Key Documents Regarding the Ford Government’s November 27, 2019 Announcement of Its 5-Year E-scooter Pilot
Here are the Key Documents that are connected to the Ford Government’s November 27, 2019 news release, announcing its new regulation that allows electric scooters (e-scooters in Ontario. These are all referred to in the AODA Alliance’s November 28, 2019 news release on this topic.
Below you can find:
* the Ford Government’s November 27, 2019 news release
* the backgrounder to the Ford Government’s November 27, 2019 news release.
* the New Democratic Party’s November 27,2019 news release, criticizing the Government’s announcement, and
* the text of the Government’s new e-scooter regulation.
Ontario Government November 27, 2019 News Release
Ontario Announces E-Scooter Pilot to Help Grow Ontario’s Economy
November 27, 2019
E-scooter pilot will make it easier for people to get around
TORONTO – As part of the government’s plan to help businesses expand and allow consumers and commuters more choice, Vijay Thanigasalam, Parliamentary Assistant to Caroline Mulroney, Minister of Transportation, announced a 5-year e-scooter pilot that will begin on January 1, 2020. E-scooters have the potential to help hundreds of thousands of commuters get to transit connections, reduce congestion and open the Ontario market to a new and growing sector. Under the pilot, municipalities can choose whether to allow e-scooters on their roadways.
“Ontario’s five-year e-scooter pilot will give people a new, clean and green way to get from point A to point B in their communities,” said Thanigasalam.
“This pilot is another way that our government is giving consumers more choice and making Ontario open for business.”
“Ontario’s e-scooter pilot will help businesses expand, enrich local economies and offer people more options to get around safely,” said Mulroney. “Our government is strongly committed to promoting the highest standards of safety for all Ontarians who travel on our roads.”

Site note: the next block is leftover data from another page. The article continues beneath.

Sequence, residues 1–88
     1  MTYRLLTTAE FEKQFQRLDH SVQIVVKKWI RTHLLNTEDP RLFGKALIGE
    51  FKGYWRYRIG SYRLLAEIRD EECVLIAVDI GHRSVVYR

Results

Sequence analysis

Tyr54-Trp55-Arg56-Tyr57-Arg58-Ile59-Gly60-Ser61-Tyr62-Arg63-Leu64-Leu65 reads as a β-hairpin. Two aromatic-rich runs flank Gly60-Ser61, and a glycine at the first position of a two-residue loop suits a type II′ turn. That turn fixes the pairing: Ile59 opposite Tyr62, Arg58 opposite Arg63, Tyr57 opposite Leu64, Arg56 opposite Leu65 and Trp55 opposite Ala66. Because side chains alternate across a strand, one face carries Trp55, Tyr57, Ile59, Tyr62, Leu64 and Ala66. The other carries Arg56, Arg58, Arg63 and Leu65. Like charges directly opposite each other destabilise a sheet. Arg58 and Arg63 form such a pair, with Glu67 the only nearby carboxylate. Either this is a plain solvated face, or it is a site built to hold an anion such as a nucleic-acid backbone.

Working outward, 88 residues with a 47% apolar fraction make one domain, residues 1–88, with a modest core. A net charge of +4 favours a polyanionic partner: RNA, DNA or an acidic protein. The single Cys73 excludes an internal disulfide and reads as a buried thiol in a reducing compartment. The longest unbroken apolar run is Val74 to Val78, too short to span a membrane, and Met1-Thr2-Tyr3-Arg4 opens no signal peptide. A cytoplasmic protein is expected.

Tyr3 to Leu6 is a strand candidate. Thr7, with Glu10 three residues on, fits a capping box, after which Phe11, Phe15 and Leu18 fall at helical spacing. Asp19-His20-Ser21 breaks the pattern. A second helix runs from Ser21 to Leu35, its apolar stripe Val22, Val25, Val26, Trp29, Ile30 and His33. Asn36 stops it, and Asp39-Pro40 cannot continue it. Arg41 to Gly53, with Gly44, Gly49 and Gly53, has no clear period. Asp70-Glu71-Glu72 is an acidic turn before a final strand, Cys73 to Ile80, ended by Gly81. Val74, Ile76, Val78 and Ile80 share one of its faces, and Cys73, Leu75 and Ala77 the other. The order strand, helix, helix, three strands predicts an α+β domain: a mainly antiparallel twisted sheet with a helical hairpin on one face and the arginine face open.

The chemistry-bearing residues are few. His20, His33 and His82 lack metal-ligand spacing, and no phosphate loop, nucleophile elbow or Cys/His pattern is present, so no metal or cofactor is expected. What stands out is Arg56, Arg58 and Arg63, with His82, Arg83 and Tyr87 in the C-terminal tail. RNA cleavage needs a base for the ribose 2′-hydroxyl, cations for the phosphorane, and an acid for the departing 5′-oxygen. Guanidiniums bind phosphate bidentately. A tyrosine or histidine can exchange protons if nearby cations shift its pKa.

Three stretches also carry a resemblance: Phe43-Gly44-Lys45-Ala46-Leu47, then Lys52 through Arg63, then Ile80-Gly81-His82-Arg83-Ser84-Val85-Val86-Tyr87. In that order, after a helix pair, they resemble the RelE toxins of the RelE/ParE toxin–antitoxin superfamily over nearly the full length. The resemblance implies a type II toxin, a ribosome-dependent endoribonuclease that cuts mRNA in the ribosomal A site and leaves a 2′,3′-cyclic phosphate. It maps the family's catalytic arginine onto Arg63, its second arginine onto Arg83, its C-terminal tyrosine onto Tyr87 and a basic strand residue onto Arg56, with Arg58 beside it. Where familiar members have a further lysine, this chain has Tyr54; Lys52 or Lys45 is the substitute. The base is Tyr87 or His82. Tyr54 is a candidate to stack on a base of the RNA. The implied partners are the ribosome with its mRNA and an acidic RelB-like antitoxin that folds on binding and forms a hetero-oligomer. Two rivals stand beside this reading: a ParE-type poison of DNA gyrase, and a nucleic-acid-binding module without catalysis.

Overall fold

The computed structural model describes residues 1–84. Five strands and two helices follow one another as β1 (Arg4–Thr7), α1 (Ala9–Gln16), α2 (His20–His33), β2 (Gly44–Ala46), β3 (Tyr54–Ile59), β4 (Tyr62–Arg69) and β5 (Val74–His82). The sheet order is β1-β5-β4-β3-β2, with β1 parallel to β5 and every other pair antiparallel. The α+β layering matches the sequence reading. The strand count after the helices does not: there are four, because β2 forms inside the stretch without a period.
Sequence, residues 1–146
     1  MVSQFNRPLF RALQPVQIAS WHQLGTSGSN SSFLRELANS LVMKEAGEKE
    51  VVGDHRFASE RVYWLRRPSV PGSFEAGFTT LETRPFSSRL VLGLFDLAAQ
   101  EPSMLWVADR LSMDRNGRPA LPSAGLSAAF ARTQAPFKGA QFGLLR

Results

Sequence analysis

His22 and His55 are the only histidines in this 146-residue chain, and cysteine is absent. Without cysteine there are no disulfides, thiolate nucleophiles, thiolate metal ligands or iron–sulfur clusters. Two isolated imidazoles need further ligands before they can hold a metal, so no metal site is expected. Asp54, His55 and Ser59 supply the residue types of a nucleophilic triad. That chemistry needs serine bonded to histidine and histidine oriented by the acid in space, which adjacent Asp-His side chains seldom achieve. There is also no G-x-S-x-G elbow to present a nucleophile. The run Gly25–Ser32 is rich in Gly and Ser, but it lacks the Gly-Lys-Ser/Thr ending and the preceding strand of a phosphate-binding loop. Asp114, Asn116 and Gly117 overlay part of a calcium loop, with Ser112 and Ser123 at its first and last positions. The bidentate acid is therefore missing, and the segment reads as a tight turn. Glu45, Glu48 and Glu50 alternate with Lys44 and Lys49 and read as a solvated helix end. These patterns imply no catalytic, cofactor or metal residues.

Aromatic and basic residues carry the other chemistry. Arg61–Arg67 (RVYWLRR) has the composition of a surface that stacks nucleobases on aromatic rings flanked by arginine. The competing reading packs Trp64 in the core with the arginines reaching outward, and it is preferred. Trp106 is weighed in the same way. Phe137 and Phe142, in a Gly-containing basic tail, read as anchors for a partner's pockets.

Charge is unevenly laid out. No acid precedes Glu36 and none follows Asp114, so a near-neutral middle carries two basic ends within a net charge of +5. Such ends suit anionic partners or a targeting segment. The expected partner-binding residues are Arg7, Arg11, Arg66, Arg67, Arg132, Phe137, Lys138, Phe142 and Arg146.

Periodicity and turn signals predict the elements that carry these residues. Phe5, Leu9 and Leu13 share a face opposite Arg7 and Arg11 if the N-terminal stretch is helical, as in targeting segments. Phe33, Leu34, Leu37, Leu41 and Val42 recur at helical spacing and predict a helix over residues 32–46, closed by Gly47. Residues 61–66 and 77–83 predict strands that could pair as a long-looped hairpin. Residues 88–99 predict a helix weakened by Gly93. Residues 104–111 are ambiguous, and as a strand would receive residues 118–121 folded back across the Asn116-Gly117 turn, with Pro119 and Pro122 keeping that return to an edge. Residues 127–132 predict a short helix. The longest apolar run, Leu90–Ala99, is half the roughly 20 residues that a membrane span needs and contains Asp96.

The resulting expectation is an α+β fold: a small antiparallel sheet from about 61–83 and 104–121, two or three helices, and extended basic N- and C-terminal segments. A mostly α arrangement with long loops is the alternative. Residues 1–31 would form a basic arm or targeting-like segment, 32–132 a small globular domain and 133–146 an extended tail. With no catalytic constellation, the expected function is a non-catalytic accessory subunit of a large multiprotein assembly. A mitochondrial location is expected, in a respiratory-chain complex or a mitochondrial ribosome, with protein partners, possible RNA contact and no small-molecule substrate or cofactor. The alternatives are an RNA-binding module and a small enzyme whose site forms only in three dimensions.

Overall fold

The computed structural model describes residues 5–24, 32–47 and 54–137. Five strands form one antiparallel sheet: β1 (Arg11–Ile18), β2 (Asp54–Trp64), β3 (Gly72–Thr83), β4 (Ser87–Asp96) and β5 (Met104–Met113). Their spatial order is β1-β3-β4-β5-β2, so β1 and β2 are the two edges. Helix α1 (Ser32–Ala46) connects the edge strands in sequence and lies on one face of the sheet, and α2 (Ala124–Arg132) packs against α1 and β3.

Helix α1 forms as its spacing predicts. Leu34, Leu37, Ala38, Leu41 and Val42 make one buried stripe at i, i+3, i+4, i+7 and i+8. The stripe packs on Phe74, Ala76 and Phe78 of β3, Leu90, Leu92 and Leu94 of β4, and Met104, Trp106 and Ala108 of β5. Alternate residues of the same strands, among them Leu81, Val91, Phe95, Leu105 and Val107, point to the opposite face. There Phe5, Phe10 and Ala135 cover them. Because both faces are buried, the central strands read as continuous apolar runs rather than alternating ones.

“With Ontario adopting regulations for its e-scooter pilot, we’re excited by the momentum micromobility continues to gain across Canada,” said Chris Schafer, Senior Director, Strategic Development at Lime in Canada. “This development means that Ontario’s municipalities can now offer their residents new and sustainable ways to get around in their communities. We look forward to working in partnership with governments across the province and continuing to advance our shared transportation goals.”
The province has developed best practice guidelines to help municipalities safely integrate e-scooters in their communities. E-scooters have been launched in over 125 U.S. cities and are being allowed under pilot conditions in Quebec and Alberta.
- Municipalities that choose to permit e-scooters will be responsible for considerations such as whether to allow or prohibit them on municipal roads including parks and trails; where parking will be located; and how e-scooters will be managed in their municipality.
- Under the 5-year pilot, the province has set out rules and requirements for e-scooters such as helmet requirements and a minimum age of 16 years old.
- E-scooters will also need to be equipped with a horn or bell and must have a front and rear light.
- Municipalities can choose to pass by-laws to allow use of e-scooters and determine where they can operate most safely in each unique environment.
- Ontario’s Open for Business Action Plan has set targets of reducing regulatory red tape affecting businesses by 25 per cent and the cost of complying with regulations by $400 million annually by 2020 to help business keep, grow and create good jobs.
- Best Practice Guidelines for Municipalities
- Open for Business – Helping to Grow the Economy and Create Good Jobs
Ontario Government Backgrounder on Its e-scooter Pilot
Originally posted at http://www.mto.gov.on.ca/english/vehicles/electric/electric-scooters.shtml
Ministry of Transportation
Electric Kick-Style Scooters (e-scooters)